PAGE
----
AN Accident involving a police van and taxi near Naturena on the Golden Freeway.    Mike Dibetsoe
AN Accident involving a police van and taxi near Naturena on the Golden Freeway. Mike Dibetsoe
Picture: Mlondolozi Mbolo/African News Agency (ANA) Archives
Picture: Mlondolozi Mbolo/African News Agency (ANA) Archives
Picture: Leon Knipe
Picture: Leon Knipe
Johannesburg - It is the click that can save more police officers’ lives than any gun or bulletproof vest.

That sound is the click of a seat belt locking into place.

In South Africa, more policemen die in motor vehicle accidents than are killed by criminals, and one of the reasons for this, believes Institute of Security Studies researcher Andrew Faull, is a culture of police officers refusing to wear a safety belt when they are in cars.

“I was a reservist for seven years or so and I spent many months following police for research, and only once in my life did I see a policeman use a safety belt,” said Faull.

“What is particularly interesting is that in cars where there is a sensor that will beep if you don’t use your seat belt, police will click it in and then sit on it.”

The reason why policemen prefer not to use safety belts, said Faull, is because they feel that it slows them down when they have to react quickly and leap from a vehicle to apprehend a suspect.

Between 2012 and 2015, 117 officers died in on-duty car accidents and only 93 were murdered while in uniform.

What is more concerning is that in the same period, 313 officers died in off-duty crashes, while 183 were murdered while off duty.

After car accidents, the most deaths among SAPS officers occur while they are off duty.

Faull says driving habits picked up on duty are transferred to off-duty driving.

“I have had conversations with police and I would say to them: ‘When I was in your car, I noticed that you sometimes speed and do this and that.’

“Then I would ask: ‘Does this change when you are in your private vehicle,’ and they would say no,” said Faull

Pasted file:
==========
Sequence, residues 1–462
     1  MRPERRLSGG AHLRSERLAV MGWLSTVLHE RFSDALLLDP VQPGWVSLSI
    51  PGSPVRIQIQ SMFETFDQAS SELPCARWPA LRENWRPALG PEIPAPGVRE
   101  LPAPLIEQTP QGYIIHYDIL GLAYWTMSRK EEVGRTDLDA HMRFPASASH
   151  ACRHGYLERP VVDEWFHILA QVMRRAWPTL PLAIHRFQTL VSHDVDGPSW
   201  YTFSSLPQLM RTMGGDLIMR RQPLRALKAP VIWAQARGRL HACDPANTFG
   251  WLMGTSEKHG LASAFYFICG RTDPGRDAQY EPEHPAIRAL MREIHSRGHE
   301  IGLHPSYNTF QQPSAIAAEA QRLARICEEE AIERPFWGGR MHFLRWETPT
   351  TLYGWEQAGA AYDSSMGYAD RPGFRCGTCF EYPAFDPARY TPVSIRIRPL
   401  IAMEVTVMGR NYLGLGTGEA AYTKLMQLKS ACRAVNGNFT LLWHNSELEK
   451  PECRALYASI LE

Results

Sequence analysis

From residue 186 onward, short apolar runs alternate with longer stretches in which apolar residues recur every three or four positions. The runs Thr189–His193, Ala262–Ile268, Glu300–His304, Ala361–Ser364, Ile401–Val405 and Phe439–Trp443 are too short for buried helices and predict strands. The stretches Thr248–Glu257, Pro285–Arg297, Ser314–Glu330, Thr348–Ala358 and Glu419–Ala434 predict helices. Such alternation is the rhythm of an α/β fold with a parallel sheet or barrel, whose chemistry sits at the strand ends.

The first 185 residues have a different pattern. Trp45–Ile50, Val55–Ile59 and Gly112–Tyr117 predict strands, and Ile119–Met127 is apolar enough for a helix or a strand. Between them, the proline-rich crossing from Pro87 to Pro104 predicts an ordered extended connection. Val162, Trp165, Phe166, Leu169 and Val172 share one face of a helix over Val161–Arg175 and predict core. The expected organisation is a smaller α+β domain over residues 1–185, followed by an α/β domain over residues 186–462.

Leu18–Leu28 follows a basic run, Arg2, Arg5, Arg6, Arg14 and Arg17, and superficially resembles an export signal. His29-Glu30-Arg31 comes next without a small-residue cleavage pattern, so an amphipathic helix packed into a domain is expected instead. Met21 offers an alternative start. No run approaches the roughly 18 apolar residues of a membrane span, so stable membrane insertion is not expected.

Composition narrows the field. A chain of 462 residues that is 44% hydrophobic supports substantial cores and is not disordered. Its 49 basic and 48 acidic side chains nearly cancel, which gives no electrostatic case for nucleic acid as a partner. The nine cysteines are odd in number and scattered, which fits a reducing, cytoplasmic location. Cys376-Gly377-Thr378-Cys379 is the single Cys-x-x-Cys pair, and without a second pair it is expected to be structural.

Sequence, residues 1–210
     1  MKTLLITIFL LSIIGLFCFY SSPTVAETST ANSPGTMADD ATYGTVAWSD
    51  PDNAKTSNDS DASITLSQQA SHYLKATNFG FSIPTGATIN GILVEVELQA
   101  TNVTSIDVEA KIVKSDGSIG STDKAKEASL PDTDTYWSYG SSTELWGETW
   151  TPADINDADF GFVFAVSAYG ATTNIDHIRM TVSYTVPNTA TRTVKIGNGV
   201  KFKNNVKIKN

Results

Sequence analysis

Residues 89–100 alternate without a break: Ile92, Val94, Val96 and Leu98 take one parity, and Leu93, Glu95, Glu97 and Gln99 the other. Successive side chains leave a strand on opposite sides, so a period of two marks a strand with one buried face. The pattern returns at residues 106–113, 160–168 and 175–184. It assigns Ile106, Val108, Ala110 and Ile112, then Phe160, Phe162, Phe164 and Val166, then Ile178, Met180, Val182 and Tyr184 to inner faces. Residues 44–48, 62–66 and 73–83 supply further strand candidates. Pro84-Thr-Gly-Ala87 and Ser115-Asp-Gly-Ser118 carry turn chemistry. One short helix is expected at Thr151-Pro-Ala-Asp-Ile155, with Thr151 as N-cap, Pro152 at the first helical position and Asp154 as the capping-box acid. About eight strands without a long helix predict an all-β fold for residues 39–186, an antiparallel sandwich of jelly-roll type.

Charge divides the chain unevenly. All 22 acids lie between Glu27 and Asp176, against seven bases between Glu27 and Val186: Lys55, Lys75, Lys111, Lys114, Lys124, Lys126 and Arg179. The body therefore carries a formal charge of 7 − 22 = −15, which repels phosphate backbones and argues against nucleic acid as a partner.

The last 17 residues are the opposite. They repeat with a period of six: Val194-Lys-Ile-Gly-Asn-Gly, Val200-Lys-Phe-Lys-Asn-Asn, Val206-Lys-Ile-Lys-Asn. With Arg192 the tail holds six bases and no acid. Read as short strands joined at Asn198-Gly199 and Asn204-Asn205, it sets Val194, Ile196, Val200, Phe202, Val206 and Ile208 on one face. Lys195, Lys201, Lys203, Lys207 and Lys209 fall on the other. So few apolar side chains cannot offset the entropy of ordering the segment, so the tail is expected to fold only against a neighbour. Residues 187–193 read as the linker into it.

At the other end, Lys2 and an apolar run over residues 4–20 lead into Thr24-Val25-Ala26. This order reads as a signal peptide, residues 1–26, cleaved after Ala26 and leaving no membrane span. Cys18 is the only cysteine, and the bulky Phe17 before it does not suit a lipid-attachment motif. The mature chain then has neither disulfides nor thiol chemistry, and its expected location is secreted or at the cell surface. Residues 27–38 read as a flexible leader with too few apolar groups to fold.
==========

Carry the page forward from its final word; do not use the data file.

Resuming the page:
South African police murder rates have dropped dramatically over the last two decades.

In 1993, the overall police murder rate was 326 per 100000.

By 2017/2018, it had fallen to 56 per 100000.

The Police and Prisons Civil Rights Union (Popcru) said they had found that policemen of a certain age group were more likely to be killed in a motor vehicle accident.

“If you look at suicide, it affects the group between 19 and 25 years old. From our research, it is in the 30s and 40s age groups where you find most accidents,” said Popcru spokesperson Richard Mamabolo.

“There is an element of truth in it. Police going to a scene would not feel comfortable being restricted by a seat belt and, of course, if they have to react very fast they want to be flexible as well.”

Mamabolo added that his union was putting pressure on the police to ensure that members go through advanced driving courses.

Police spokesperson Brigadier Vish Naidoo said the SAPS review their safety strategies every three to five years.

“Part of this is the handling of motor vehicles, and it clearly states the wearing of a seat belt is imperative,” he said. “However, under certain circumstances and when following certain operational procedures, police were not expected to wear seat belts.

“Let’s say they are approaching an armed robbery in progress, then they might release their seat belts before they get there so they are operationally ready,” Naidoo explains. But Faull believes police can be trained to do their jobs effectively and use seat belts.

“It would save lives and losses from injury if police were required to wear seat belts, and if it is a matter of getting out fast, it would be very simple to train people to, pop their seat belts as they approach a scene.”

Saturday Star